Zines: small circulation magazines, cheaply produced and self-published, collaging appropriated designs and text for minority subcultural interest. Little magazines of the weird. The content of my creative life can be found in five zines from 2006-2010.
What do we really measure our lives by? The psychological melodramas we compose of our lusts, our egomanic accomplishments, the meaningless consumption of emotionally-draining work, the screen and pint-based media of distraction? Our family and friends, and the disputes and worries felt with both that consume time and wonderfully really give some structure and event to our lives. Or the future: kaleidoscopic visions. Or substantive and redemptive sonnets of who we are now (first verse), and who we should be, where we should be (second verse), maybe some maudlin section about lost love, or boredom, or longing – some humourous and catchy imagery, waiting for someone to finish in the bathroom maybe, or a pub queue, the phrenological features of passers-by. Or some insignificant political or community issue to which our actions can have no effect to whatsoever, but make our banal views seem somehow important and worth subjecting one’s time and behaviour towards. The damp poetics of 10pm skyscapes, hunger rattling through the synapses, an old song on the mind, a moon that knows us wickedly better than anyone else, perhaps with the exception of our closest confidantes aged 15, the perspiration of plans shared together and worked towards, a book, a play, a plot to grid time against and progress over. Of course a third of the world lives in acute poverty, and when you have the health and the wealth living is far more easy and dreamy than it really ought to be. Meat-head/method narcissism: words addressed to no effect. But why’s that so tough? I love all this emptiness and wouldn’t abandon it for the world. It was better than supporting a football team and is the textual equivalent of an inferior Zounds live recording. What do we measure our lives by? Little. Stare too close and your eyes hurt. Eyelashes flicker, obscuring the gaze, which fundamentally is of nothing at all. Ecological armageddon, that one day it all disappears. The consolation of lukewarm tea and social democracy. A walk into the night. A message in a bottle that quickly fills with Thames water, achieving the obscurantist aim all in all. An afternoon in St. Ann’s vestry wondering what they’re doing today, the discovery of allowing time to pass without regret.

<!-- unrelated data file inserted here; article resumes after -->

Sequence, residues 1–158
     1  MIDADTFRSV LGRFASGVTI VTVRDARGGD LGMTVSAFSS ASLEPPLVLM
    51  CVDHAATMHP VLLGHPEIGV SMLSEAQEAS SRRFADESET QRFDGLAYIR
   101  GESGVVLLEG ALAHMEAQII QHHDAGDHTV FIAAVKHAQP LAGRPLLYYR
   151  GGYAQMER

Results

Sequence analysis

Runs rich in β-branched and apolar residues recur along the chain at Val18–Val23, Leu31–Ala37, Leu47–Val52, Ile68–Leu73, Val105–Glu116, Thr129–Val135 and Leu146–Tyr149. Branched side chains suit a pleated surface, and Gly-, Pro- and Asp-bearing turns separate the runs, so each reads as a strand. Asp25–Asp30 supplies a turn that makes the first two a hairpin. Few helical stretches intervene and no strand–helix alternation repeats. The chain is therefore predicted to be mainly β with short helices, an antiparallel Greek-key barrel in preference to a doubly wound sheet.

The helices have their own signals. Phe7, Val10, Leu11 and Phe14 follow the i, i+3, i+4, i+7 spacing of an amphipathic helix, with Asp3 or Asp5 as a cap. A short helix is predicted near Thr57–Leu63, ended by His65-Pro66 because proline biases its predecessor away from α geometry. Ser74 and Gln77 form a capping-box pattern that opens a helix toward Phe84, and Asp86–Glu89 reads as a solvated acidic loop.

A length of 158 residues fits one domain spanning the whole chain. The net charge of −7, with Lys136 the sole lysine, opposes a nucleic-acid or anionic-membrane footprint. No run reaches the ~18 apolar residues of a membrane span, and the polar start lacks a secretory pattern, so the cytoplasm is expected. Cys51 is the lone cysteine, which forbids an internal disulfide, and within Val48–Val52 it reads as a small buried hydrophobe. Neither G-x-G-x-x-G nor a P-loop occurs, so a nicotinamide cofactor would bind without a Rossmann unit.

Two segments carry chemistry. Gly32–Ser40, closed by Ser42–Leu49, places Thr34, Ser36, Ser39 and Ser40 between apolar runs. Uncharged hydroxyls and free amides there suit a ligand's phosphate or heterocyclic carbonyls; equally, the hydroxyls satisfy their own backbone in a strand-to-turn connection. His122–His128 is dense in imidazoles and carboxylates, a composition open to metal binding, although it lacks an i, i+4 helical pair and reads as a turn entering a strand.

My other life: I wrote these zines from the ages of 19-23: at the same time I was in a couple of abortive bands, I studied hard. I worked in pubs, in publishing, above all with adults with acquired brain injuries. I wrote on the side, in time spared. I’ve written for longer, but I loved zines, loved discovering them at the 56a infoshop. The third and fourth issues of Savage Messiah were a revelation, I still feel their effects, that energy and style, that contrast. Rachel gave me the enthusiasm to work together on the first zine, J’en ai marre, one of the most dreadful yet curious statements of late adolescence – its faults are down to me. It’s not a bad scan: it was self-printed in such bad quality, and usually incorrectly stapled, preventing the reader from seeing about a fifth of the page at any one time. Really my writing has hardly improved since then: still all these morbid preoccupations with the flesh, alcohol, death, wretchedness and revolution. I made the zine with Rachel M, who helped with the second issue. In the first three issues I got contributions regularly from my friends Nick Donohoe, Mike O’Neill and Sarah of course, as well as various other occasional people. Look through the zines below and see.
It was about a year before I finished J’en ai marre #3, probably my favourite of them all, in late 2007. This time I worked obsessively on my own, and the zine is really a series of short stories. I gave it a bad name, ‘john marr zine’. Life and work got in the way for a while. I returned to zines at the end of 2009, making Fortunes of the sea-sick, with The Ship of Fools following about 5 months after.